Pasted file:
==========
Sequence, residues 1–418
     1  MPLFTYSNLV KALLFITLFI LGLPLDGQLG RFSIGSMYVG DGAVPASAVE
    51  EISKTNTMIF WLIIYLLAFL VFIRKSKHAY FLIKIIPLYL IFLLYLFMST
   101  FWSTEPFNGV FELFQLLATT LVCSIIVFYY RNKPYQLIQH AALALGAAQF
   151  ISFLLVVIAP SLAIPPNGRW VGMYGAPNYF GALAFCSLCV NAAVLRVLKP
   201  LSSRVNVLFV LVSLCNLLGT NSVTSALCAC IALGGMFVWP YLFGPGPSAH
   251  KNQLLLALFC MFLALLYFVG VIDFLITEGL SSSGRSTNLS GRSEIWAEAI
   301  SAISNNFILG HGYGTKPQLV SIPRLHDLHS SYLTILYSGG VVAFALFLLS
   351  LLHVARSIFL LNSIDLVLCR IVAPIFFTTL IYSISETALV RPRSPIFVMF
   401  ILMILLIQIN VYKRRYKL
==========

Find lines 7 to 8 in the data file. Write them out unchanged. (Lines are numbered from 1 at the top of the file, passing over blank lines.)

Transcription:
   251  KNQLLLALFC MFLALLYFVG VIDFLITEGL SSSGRSTNLS GRSEIWAEAI
   301  SAISNNFILG HGYGTKPQLV SIPRLHDLHS SYLTILYSGG VVAFALFLLS